Two criteria therefore had to be considered for the compact fans with an edge length of 40 x 40 mm and flow rates of nearly 40m³/h: an aerodynamically optimised design for the rotor and housing and a sufficiently powerful drive system. Ideally, a balance should be achieved between the demands for a high speed in terms of aerodynamics and in relation to the electric drive: Smaller electric motors draw their power from a high speed with a relatively moderate torque. In several stages, the powerful external rotor motor of the fan was ideally adapted to the optimised aerodynamic components. This was so successful that the new fan, designed with the standard 40 x 40 x 28 mm dimensions, now attains virtually twice the power of its predecessor.

Air conduction “On Demand”

Intelligent control of the drive system and thus of the air volume must also be possible. For this purpose, the electronically commutated motor is regulated by way of complex control electronics (Figure 2). This permits not only economical, in other words power-saving operation, but also pinpointed air conduction: For instance, the air flow is reduced if a CPU or diode laser is in idle mode, whereas accordingly more cooling air is conveyed if the amount of heat to be dissipated increases under load. In addition to lowering the power requirement and noise level, this also extends the service life of the upstream filters for example. All-in-all, the built-in intelligence of the fan drastically cuts the operating costs of the cooling system. Special functions such as a speed signal, a Go/NoGo alarm, an external temperature sensor, a PWM control input and protection against moisture or even salt spray fog extend the range of possible applications beyond the bounds of switch cabinets or computer centres right through to tough industrial environments.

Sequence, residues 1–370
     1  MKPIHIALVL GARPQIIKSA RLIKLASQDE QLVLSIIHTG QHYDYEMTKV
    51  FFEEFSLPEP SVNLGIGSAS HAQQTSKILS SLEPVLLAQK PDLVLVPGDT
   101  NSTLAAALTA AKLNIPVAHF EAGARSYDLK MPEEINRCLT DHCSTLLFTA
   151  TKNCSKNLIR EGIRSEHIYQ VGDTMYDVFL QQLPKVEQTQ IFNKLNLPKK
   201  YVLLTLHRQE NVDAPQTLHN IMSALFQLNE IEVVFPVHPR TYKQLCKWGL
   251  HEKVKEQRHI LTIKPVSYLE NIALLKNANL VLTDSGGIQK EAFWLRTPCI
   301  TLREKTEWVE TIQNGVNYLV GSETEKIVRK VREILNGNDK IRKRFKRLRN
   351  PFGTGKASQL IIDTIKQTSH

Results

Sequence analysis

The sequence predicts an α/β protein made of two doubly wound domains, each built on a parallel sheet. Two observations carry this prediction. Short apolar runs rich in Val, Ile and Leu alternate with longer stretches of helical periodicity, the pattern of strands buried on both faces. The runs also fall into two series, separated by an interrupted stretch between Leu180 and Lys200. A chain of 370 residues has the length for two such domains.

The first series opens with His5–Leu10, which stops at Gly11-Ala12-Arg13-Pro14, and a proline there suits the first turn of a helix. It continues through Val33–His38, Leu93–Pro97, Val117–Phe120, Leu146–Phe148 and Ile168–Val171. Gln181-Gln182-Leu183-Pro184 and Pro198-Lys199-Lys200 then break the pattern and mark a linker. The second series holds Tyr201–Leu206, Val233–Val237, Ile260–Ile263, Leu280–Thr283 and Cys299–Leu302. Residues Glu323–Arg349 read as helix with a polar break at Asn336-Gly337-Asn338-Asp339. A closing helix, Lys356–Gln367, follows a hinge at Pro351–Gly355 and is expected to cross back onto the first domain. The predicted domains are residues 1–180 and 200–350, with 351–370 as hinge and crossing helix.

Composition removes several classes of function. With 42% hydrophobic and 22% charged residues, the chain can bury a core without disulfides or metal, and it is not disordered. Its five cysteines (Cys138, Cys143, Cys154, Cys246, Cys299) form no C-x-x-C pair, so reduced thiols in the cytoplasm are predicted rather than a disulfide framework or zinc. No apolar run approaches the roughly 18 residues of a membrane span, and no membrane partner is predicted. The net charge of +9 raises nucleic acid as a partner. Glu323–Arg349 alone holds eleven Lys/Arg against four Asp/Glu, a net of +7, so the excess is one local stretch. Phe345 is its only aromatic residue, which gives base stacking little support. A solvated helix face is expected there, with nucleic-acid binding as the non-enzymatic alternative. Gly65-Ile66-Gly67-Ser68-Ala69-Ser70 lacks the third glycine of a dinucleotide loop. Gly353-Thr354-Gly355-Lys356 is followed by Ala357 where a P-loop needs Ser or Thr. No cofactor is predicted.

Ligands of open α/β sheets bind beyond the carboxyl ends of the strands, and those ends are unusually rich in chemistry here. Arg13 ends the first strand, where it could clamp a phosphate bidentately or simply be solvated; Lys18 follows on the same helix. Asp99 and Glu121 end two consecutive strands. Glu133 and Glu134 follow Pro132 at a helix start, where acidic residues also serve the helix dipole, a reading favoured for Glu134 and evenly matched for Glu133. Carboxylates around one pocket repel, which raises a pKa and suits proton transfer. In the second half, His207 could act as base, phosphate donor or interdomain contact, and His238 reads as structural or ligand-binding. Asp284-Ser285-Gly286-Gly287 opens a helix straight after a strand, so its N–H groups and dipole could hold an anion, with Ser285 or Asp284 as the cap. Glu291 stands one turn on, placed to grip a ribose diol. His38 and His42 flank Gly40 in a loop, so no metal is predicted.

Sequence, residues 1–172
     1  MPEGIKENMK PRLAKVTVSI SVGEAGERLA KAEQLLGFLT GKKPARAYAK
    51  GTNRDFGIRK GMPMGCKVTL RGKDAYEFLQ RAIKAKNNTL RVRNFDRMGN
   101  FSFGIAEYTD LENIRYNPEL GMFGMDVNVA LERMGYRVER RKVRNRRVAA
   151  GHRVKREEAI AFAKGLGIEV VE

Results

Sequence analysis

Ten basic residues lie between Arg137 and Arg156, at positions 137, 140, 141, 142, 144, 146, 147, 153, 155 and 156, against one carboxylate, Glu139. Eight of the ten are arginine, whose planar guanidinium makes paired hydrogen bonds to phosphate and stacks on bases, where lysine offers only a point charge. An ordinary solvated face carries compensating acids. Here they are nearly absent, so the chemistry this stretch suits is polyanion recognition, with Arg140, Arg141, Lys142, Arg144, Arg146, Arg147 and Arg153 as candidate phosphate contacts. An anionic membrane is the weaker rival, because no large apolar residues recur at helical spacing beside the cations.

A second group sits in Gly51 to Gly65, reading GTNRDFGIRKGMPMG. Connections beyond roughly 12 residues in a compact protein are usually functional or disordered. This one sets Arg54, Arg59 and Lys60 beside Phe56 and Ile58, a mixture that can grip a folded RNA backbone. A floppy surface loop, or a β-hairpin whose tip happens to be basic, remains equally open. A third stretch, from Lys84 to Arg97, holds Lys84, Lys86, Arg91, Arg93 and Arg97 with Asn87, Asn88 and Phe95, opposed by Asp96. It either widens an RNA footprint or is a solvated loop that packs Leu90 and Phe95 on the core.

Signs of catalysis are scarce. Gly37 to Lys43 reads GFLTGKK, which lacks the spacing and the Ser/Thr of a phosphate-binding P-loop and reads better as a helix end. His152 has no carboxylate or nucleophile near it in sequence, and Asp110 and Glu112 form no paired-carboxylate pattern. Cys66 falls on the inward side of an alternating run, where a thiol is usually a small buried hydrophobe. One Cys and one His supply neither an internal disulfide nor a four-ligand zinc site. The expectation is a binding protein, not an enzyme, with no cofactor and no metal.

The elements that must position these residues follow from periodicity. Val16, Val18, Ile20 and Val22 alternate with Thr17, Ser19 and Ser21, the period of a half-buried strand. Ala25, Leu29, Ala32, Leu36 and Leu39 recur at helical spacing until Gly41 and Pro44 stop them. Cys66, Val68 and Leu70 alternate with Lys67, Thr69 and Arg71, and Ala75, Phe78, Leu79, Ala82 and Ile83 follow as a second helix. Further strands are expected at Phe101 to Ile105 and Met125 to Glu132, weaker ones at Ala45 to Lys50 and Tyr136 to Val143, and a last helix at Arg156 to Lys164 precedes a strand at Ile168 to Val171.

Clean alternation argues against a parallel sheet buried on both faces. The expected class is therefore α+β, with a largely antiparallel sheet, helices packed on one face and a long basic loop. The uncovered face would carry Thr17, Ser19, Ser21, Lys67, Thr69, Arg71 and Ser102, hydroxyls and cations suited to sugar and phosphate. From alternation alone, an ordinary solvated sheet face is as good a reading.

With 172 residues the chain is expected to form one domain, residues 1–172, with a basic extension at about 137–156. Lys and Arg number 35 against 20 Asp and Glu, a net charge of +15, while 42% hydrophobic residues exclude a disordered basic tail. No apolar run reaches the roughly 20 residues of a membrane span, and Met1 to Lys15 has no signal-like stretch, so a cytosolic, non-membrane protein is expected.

Figure 3: A small fan with a lot to offer – as the air performance diagram shows!

In practice

The fans in the 420J series are designed and manufactured to ebm-papst “GreenTech” environmental standards. They have extremely compact dimensions of 40 x 40 x 28 mm. Two versions are available with 12 or 24 VDC nominal voltage. Depending on the model the air flow is between 24 and 38 m³/h with a pressure increase of up to 500 pascal and a power consumption of 2.5 or 7,1 W (Figure 3). The fan is quieter than the old version, with a reduction in sound power level of between 2 and 5 dB(A) depending on the operating point. The small fan weighs only 45 g, as the housing and impeller are made of light, vibration-damping GRP (glass fibre-reinforced plastic) such as PBT (polybutylene terephthalate) or PA (polyamide). The fan is suitable for use over a broad temperature range between -20 and +70 °C. At full load, power consumption is around 70% lower than that of its predecessor. The improved motor efficiency level also has a positive effect in terms of bearing heat generation. Years of operation at a nominal speed of up to 17,200 rpm are thus no problem. The service life (L10) values based on ebm-papst’s stringent in-house standard are very high: 75,000 or 32,500 hours for the M-version of the fan at 40°C or 70°C respectively. Employing the usual L10IPC method, the life expectancy of an M-version at 40 °C is around 127,500 hours.
The robust plastics can withstand even tough environmental conditions. An extra-robust version of the fans is also available to provide a broader range of applications extending to industrial equipment and mobile units. In this case the electronics board is encapsulated in polyurethane and the stator is provided with a protective coating for example. This enables the fan to pass the salt spray mist test, qualifying it for use in the tough environment of converters or diode welding systems.

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Compact fan

High-performance with great efficiency